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Talbotjohn

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  1. Hi Paul Apologies for misspelling your surname. I realised it was wrong but thought I had corrected it before submitting my reply..... Hi Jim, It is very kind of you to offer to sell me parts if you get the loco sorted to your satisfaction. I am in no hurry. Even having some pre-cut plastic sheet parts is a massive step forward and saves a lot of time and energy. It won't be a lot different to building 009 diesels from flat etched brass parts and I'm quite happy to build my own chassis. Mike Thomas' article suggests where some of the detailing parts he used on his model, in
  2. Hi Jim Just found this thread via RM Web alerts on my iPhone. That really is a super little loco - you should be very pleased with yourself in producing that model. If you get it to a marketable form I for one would be interested in buying a kit/3D print body off you. The relatively high price and rarity of the Bemo model are good incentives for a reasonable financial return for your efforts, if you were so inclined. I have N drive 1015 size motor on a High Level gearbox driving 12mm diameter wheels on a 2mm axle that would be suitable as the basis for a chassis. I was thinking of us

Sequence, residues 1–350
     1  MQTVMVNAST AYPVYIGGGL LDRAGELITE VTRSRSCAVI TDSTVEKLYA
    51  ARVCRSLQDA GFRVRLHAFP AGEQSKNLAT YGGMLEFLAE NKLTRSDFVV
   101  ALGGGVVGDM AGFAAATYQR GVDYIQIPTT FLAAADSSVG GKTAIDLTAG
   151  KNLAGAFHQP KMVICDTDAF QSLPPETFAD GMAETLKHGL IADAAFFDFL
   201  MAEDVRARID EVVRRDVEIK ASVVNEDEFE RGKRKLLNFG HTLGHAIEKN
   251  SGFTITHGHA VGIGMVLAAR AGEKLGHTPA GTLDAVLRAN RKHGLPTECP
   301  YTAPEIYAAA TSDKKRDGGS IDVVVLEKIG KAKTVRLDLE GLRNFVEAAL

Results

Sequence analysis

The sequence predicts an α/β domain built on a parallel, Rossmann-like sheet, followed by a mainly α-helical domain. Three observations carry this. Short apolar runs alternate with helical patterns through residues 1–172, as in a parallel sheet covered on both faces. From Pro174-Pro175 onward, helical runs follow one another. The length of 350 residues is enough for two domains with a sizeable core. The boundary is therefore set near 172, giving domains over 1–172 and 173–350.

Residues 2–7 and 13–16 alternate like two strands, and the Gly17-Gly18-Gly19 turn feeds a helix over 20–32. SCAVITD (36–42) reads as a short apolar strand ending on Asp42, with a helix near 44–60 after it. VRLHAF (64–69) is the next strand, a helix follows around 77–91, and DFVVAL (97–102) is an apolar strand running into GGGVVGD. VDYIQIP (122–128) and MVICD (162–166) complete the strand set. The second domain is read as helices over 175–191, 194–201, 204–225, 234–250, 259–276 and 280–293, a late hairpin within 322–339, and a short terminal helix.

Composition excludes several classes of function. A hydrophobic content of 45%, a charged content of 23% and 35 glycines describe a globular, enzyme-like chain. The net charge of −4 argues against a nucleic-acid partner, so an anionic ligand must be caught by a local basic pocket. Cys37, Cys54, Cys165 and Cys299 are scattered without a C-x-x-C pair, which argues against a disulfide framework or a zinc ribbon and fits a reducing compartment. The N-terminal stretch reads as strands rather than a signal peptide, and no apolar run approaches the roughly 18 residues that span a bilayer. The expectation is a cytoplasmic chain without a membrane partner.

3. Hi Coline 33 Been there and done that with my old Minitrains Baldwin. Same symptoms. I found that the acetal? gear on the leading axle had split along its length down in the gap between the teeth. This causes the gear to slip under power and the quartering to go out of sync and so jam up the motion. You need to remove the keeper plate to confirm this. I tried to fix it with a small drop of superglue carefully applied between gear and axle but it didn't work. I was fortunate to get a replacement set of wheels axles gears and motion through the 009 Society that solved the problem for
  4. Hi, Apologies if you already know but one of the big challenges I faced when new to Bemo was how to get the loco body off the chassis. I have actually removed the body from a Bemo Ge4/4II as I bought one that had been switched to live overhead pickup and I needed to switch it back. To remove the body turn it upside down on a padded surface so as not to damage the pantographs and electrical insulators etc on the roof! I used the loco box with some tissue inside. Gently pull out the couplings from each end. The body is held in place by four lugs on the chassis that